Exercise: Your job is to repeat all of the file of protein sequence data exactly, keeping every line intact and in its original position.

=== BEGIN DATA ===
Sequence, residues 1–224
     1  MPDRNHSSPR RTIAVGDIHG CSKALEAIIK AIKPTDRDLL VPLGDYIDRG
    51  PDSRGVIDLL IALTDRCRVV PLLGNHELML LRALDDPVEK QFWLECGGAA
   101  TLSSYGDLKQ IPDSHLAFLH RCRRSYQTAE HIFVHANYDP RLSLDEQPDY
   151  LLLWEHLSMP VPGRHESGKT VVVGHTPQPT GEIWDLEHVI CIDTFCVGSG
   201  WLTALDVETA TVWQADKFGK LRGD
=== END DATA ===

Sequence, residues 1–224
     1  MPDRNHSSPR RTIAVGDIHG CSKALEAIIK AIKPTDRDLL VPLGDYIDRG
    51  PDSRGVIDLL IALTDRCRVV PLLGNHELML LRALDDPVEK QFWLECGGAA
   101  TLSSYGDLKQ IPDSHLAFLH RCRRSYQTAE HIFVHANYDP RLSLDEQPDY
   151  LLLWEHLSMP VPGRHESGKT VVVGHTPQPT GEIWDLEHVI CIDTFCVGSG
   201  WLTALDVETA TVWQADKFGK LRGD